Duren said Monday that he joined the UCLA police force after being fired from the Long Beach Police Department in the late 1980s. He said he was a probationary officer at the time and was let go because of poor report-writing skills and geographical knowledge.
In May 1990, he was accused of using his nightstick to choke someone who was hanging out on a Saturday in front of a UCLA fraternity. Kente S. Scott alleged that Duren confronted him while he was walking on the street outside the Theta Xi fraternity house.
In October 2003, Duren shot and wounded a homeless man he encountered in Kerckhoff Hall. Duren chased the man into a bathroom, where they struggled and he fired two shots.
The homeless man, Willie Davis Frazier, was later convicted of assaulting an officer. Duren said Frasier had tried to grab his gun during the struggle. But Frazier’s attorney, John Raphling, said his client was mentally ill and didn’t do anything to provoke the shooting.
Twice in the last two months, I’ve found myself re-examining my Flickr account and my photos. I’ve had two instances of people wishing to use my some of my pictures for various things. One, a website about Sewanee, and the other a publication about the Immersion program.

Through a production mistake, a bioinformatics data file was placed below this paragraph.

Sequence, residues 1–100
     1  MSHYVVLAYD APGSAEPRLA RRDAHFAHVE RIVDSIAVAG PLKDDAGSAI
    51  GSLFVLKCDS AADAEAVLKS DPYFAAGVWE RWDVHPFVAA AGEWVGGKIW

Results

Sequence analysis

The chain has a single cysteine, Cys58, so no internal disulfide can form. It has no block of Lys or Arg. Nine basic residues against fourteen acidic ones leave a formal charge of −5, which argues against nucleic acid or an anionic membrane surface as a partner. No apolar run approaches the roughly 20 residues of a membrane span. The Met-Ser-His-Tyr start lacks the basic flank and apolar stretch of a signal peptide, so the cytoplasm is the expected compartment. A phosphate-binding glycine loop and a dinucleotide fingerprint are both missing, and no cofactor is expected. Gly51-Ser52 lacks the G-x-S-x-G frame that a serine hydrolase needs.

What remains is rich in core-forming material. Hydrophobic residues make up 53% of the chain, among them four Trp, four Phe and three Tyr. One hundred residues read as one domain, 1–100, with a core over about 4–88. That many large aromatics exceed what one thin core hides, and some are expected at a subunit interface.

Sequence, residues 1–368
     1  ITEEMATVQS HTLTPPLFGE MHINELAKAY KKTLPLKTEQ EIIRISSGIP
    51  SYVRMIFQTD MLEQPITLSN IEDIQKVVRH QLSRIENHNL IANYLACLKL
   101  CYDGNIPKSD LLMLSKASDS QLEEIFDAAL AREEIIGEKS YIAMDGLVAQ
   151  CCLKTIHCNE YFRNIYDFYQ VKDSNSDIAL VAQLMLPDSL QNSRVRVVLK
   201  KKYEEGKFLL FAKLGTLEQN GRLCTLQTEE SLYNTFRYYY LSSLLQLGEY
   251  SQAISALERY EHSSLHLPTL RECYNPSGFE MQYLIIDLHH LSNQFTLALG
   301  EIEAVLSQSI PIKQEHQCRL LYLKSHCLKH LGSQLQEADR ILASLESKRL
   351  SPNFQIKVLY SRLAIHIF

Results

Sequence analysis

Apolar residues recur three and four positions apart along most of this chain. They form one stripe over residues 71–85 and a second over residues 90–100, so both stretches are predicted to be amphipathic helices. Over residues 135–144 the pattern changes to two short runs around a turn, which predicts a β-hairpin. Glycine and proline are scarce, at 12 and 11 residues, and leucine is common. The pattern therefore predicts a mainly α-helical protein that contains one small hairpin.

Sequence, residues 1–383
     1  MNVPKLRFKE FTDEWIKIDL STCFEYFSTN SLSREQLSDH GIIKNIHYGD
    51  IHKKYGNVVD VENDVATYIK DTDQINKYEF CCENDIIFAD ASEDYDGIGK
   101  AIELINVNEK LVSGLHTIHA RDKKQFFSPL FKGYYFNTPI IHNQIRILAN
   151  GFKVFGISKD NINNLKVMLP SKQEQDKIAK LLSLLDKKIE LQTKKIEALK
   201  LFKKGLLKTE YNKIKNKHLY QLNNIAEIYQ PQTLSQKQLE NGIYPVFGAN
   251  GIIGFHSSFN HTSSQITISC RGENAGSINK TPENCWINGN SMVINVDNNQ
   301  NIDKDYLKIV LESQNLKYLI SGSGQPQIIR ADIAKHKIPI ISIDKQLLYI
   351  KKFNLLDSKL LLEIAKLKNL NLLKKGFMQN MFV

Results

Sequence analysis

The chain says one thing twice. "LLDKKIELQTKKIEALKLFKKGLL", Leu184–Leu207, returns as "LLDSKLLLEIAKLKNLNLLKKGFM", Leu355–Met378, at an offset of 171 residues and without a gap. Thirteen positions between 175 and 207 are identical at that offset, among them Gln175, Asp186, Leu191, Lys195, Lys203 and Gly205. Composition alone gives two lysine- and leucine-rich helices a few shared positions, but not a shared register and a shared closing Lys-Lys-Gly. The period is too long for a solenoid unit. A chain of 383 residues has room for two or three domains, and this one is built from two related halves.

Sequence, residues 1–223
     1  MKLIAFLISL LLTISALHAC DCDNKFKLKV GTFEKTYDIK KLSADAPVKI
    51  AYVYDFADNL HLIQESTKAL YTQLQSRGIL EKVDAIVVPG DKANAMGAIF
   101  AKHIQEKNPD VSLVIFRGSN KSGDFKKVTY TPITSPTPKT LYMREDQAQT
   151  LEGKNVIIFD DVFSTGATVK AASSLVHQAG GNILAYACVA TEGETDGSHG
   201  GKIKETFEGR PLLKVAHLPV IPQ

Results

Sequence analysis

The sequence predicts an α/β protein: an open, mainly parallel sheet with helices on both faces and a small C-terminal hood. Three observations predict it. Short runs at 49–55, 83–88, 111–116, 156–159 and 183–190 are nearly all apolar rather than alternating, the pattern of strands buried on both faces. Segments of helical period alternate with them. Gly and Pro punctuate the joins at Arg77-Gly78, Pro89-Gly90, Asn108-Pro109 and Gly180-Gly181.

All of my pictures are licensed under a Creative Commons Attribution-NonCommercial-ShareAlike license, and in both cases the first two criteria are fine for the uses. The Share-Alike is where stuff starts to break down…people seem unwilling to ensure that the resulting work is licensed in the same way. In some ways, it’s a sort of educational issue…most people are still not aware of Creative Commons.
So I’m torn. On one hand, I certainly do want people to use my photos. On the other, I also want to push the Creative Commons message, and requiring that the resulting works Share Alike is the right thing to do, I think.
Has anyone else dealt with this friction? How did you resolve it?
…how exactly fucked the media conglomerates are. To be more specific, the RIAA and the MPAA’s of the world who are still desperately attempting to control content in an age where it is beyond anyones control.
The latest brilliant idea? LaLa, a CD trading site that lets you post your wants and haves, matches you up appropriately with other LaLa subscribers, provides postage paid mailers, and lets the USPS do the swapping. It’s like P2P without the digital. The cost? $1.49 per disc that you swap, giving you the ability to trade old music for new at prices that almost rival AllofMP3. For less than $20 a month, you could have more new music than you could comfortably listen to, all DRM free and with the ability to control it as you see fit.